An EF Teacher Has Learned as Much as She Has Taught

Keyth Kroboth has worked at EF for 20 years. (Photo by Martina Masetti)

Keyth Kroboth wakes up grateful every morning to go from her house in New Jersey to teach at the EF Campus in Tarrytown. She has been working there for 20 years and the job has allowed her to meet people from all over the world, from Arabia to Argentina. However, being a teacher for international students was not her first job option.

Keyth’s first interest was the film world. For several years she worked in commercial film production. However, she didn’t feel 100% comfortable with this job, feeling like she wasn’t using her brain enough and that the work environment was really tough. She wanted to get out of that environment, so when a friend told her about an open-house event to live abroad and teach English as a second language, she jumped at the chance. Her first overseas job involved a year in Mexico. The experience taught her to get out of her comfort zone, just as EF students do by coming to a foreign country to immerse themselves in the language and the culture. The experience is an opportunity for them to grow and learn about themselves.

EF NY is one of the largest EF campuses in the world. However, in the beginning, there were not many students and there were only 5 classrooms. These, the director’s office, and the administrative room were located in one building. Eventually, EF began to grow and the goals of the students grew with the school. Some come to prepare for an English exam, like the Cambridge Certificate. Others, take courses that will help them to prepare for college.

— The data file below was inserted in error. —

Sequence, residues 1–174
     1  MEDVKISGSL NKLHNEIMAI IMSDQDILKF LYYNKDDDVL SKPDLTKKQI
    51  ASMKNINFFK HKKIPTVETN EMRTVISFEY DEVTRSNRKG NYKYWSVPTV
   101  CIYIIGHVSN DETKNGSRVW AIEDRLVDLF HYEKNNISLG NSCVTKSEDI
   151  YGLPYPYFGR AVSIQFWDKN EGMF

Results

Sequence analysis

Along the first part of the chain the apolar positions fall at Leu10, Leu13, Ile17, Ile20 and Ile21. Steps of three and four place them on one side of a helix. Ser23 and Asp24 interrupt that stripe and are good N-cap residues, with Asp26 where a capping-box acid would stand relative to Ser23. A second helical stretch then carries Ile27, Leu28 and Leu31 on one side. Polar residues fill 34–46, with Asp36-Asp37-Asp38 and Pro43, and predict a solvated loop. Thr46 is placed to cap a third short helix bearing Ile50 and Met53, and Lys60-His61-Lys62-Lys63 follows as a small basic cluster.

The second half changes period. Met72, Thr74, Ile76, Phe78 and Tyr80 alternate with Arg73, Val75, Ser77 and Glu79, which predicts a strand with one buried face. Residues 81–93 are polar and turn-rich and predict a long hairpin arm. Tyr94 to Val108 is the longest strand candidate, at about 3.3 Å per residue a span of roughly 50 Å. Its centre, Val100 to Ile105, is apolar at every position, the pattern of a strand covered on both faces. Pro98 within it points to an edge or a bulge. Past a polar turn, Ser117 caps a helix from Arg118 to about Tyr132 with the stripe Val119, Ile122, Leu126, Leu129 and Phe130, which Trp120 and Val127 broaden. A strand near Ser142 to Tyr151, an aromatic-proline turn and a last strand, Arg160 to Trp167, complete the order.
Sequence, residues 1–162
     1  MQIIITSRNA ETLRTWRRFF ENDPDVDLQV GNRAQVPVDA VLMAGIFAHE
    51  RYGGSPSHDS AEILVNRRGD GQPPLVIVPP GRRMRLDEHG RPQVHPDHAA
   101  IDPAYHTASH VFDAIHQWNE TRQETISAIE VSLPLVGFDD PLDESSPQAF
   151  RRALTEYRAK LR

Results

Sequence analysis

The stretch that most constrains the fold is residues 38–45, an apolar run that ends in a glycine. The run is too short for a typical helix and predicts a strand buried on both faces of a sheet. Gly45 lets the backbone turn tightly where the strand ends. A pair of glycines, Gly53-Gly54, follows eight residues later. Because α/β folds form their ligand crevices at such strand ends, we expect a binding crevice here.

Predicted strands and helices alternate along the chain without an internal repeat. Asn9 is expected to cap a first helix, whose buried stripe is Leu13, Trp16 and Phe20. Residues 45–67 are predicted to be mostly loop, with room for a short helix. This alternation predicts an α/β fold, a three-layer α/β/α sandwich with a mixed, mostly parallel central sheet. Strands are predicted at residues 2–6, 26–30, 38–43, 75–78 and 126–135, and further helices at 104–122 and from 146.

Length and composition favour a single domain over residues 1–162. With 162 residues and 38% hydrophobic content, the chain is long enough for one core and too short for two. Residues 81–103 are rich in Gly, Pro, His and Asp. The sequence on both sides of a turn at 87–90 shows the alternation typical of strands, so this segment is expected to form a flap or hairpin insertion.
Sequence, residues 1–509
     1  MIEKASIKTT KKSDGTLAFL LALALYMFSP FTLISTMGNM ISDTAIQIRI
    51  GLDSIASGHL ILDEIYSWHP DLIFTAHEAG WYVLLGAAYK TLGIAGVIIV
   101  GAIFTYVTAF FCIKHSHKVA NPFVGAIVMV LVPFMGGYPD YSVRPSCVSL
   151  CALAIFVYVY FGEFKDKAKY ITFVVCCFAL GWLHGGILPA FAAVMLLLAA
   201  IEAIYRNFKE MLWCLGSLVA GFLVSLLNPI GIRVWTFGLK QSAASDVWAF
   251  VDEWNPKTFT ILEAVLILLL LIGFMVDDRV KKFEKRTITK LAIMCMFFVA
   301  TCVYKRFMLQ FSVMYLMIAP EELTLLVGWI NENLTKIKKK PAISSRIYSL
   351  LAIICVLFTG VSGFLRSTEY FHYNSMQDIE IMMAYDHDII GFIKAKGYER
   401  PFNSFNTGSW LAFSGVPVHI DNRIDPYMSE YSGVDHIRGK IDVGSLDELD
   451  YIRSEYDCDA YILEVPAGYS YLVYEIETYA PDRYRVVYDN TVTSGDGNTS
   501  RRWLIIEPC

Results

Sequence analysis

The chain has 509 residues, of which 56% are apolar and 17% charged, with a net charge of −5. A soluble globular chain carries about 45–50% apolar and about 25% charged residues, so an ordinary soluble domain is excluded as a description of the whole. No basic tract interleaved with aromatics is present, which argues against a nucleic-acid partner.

Keyth says that EF changed with Covid-19, but the students are the ones who make each year different and special. That’s why Keyth wants to bring something new every day, and she expects to teach something special to her students. She looks forward to learning from them as well. The relationship between the teacher and the student is so strong and unique that she keeps in touch with many of her past students.

EF Campus (Photo by Martina Masetti)

Among some people in Tarrytown, EF students do not have a good reputation. In part this is because some of them come home late at night, and they tend to make noise when most of the rest of the villagers are sleeping. Keyth believes this is due to their youth and inexperience with the American culture. She hopes people will see the good things these students have to offer to the community: “Anytime you have people that come that are curious and want to learn, it is going be good for any community,” she said.

Keyth works 5 days a week from 8:30 AM to 5:30 PM, and then she goes back to New Jersey. Keyth feels that she has a very unique position that has allowed her to learn about different cultures. She is grateful that this ended up being her career path.

“It will be bittersweet when it comes to an end because it is a unique position. Go to see the world, open your eyes, and open your mind. It’s great out there!”

Martina Masetti is a student at EF in Tarrytown. She is originally from Argentina. 


  1. Very good article!!! Congrats!!! Very interesting what the teacher says about her job (her passion) and the students.
    Is important too that the Journal gives opportunities to students to make “interships” (as Martina in this case) and develop their skills.
    Photos: wonderful!!! 👏👏👏😄🥰

    1. Felicitaciones a la profesora por la labor que realiza ya que al estar en contacto con estudiantes de distintas culturas,enriquese su espiritu y brinda oportunidades a los alumnos pasantes.,en especial a Martina Masetti.Muy buena su labor

  2. Teaching and lesrning are both espressions of love.
    Martina, qué sigas alcanzando tus metas!
    Congratulation Keyth and Martina!!

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About the Author: Martina Masetti